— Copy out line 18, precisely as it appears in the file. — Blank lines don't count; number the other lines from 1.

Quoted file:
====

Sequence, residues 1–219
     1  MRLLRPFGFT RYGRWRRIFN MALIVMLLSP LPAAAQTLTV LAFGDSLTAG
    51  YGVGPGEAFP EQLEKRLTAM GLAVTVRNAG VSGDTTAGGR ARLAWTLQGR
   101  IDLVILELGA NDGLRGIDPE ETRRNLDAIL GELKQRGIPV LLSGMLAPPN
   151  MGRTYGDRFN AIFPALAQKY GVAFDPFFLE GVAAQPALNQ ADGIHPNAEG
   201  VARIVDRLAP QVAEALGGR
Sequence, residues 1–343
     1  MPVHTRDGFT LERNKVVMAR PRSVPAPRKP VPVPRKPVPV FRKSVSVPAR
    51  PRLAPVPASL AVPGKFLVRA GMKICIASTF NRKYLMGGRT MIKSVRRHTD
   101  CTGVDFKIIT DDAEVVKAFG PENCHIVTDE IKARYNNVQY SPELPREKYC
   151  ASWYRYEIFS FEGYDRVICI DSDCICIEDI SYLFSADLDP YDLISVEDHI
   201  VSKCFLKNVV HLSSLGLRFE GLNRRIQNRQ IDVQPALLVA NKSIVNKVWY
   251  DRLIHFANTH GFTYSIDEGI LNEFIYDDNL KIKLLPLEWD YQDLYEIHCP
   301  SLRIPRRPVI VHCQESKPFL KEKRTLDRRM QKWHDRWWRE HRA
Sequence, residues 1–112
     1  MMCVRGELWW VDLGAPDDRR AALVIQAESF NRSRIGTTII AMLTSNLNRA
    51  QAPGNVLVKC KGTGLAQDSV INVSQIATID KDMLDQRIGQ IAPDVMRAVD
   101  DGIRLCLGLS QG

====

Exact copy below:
   101  DGIRLCLGLS QG